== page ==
Vibius has dressed Annie in flowing blue silk. Her hair is loose again, but wilder tonight. She's tall for a girl just this side of eighteen—taller than One and Two's female volunteers, even. Makeup highlights the long lines of her face, the straightness of her eyebrows and fullness of her mouth. Vibius left behind beautiful siren and turned her into something else entirely. An unknown element in the middle of familiar sights.

Caesar Flickerman smooths his ghastly hair, violently purple this year. He asks the general questions. How are you liking the Capitol? What's your plan for the arena? Anyone special in your life? At that one, I'm afraid she'll say something about Nethan, but Annie smiles, bites her lip, and glances in my direction. "No one at home, but maybe someone here," she says, and I don't know whether to be proud or angry that she's using me to draw sponsors.

She weaves her way around the rest of Caesar's questions, giving half answers more than whole. Coy and teasing when my name crops up. Whispers follow Annie back to her seat. The Capitol will remember her because they'll want to know more.

Now it's Nethan's turn, and Caesar asks what he thinks of the other tributes.

"We have a saying back home that I think sums it up: shooting fish in a barrel."

That's an idiom common enough for all of Panem to know, but considering our district's industry it's both clever and arrogant in exactly the way the Capitol loves. More of that and Mags will have sponsors eating from the palm of her hand.

Caesar leans forward when the laughing dies down. Intimate and conspiratorial, and I know what's coming next. "Annie certainly seems to be taking advantage of Finnick Odair's… mentorship. Have you?"

Cat calls come from the crowd, but Nethan handles it with grace. "Not really. I don't think he likes me very much."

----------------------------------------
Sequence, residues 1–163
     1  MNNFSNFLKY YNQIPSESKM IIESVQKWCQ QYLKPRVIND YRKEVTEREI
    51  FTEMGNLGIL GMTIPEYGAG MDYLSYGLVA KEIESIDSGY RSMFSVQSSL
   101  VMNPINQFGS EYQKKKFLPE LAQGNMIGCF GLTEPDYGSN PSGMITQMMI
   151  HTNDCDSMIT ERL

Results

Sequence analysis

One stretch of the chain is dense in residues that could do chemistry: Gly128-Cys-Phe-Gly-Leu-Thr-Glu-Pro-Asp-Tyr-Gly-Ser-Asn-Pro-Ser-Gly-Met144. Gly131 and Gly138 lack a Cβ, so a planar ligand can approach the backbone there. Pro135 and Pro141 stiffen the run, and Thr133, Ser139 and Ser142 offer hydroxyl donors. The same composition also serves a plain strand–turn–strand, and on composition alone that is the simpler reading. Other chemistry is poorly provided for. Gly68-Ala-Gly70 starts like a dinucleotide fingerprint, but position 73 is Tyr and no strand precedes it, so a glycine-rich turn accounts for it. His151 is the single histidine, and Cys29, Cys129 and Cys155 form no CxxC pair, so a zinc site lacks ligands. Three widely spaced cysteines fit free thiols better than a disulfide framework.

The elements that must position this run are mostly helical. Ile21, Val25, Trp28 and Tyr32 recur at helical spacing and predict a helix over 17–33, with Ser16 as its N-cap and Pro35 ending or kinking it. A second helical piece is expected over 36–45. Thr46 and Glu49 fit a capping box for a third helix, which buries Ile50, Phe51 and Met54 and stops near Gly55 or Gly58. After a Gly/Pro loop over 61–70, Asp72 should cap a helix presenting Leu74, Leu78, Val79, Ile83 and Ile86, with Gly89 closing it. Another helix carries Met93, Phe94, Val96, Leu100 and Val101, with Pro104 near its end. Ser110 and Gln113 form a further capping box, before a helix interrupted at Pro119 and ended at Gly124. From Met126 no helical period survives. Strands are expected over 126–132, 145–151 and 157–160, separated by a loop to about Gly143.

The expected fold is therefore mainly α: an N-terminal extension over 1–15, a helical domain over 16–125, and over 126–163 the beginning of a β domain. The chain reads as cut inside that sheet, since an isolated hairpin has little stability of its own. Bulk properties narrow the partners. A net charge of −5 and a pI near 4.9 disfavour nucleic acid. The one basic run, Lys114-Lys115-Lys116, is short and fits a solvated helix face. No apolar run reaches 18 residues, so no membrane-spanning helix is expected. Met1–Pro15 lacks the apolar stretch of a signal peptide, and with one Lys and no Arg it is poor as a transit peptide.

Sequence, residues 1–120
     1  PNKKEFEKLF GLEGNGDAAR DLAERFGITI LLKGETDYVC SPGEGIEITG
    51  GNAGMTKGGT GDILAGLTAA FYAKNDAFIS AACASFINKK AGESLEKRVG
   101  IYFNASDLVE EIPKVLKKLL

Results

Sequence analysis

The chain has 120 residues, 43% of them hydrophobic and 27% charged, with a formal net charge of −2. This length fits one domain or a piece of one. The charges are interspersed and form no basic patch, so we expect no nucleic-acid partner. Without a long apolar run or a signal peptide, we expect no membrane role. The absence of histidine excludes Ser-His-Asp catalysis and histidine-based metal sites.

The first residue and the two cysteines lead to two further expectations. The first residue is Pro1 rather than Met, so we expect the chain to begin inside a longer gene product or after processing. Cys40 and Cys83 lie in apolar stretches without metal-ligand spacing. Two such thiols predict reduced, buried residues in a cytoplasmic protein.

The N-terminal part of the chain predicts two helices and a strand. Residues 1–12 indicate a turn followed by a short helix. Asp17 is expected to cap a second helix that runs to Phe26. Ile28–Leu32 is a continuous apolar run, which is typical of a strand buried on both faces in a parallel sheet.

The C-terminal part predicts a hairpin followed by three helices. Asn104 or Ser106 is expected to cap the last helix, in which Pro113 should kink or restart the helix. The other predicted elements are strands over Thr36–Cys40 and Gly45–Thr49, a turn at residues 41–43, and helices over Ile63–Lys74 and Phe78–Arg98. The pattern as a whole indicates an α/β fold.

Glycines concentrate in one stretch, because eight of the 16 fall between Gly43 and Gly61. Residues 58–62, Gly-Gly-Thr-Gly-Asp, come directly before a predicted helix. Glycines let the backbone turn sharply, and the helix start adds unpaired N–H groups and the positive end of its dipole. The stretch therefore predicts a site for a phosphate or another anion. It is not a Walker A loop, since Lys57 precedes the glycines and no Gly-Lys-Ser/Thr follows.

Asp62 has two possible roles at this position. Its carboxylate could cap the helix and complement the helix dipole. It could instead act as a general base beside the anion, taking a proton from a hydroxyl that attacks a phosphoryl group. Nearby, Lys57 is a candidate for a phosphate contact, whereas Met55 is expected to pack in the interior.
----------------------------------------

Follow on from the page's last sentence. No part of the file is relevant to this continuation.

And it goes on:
"Why ever not?" Caesar asks. "A charming boy like you!" He invites the audience to respond, and he's met with an enthusiastic chorus of assent.

"Well, he is getting a little old now," Nethan explains soberly.

This has the Capitol howling. My extreme youth for a victor has been something of a national joke for the last five years. Cashmere loves to remind me that this is the first Games I'm actually too old to be Reaped for.

"I think he senses his star fading," Nethan continues, his mock seriousness replaced by sincerity. "It's time for someone to take his place."

"And you think that someone could be you?" Caesar asks.

He smiles, sharp as one of Annie's knives. "Drop a spear in the arena for me, and I'll make you forget you ever heard the name Finnick Odair."

They love it. They love him.

Nethan drinks in the Capitol's ever fickle adoration, full of pride and impending triumph, and I don't have the heart to tell him that of all the ways to win these Games, victory by love costs the most.

Afterward, Varinia toasts Nethan's brilliance and Annie presses a darting kiss to his cheek. Lip gloss leaves a wet fossil of her mouth on his skin, glistening just over his left dimple. For some reason I can't take my eyes off of that innocent mark, and I know that this moment—Nethan laughing and full of life, Annie's love tenderly tattooed so close to his mouth—will mingle with nets and blood and Capitol caresses, the pains I only see when I close my eyes. Something unfamiliar twists inside me, then releases: jealousy flexing, before I tell myself to let it go.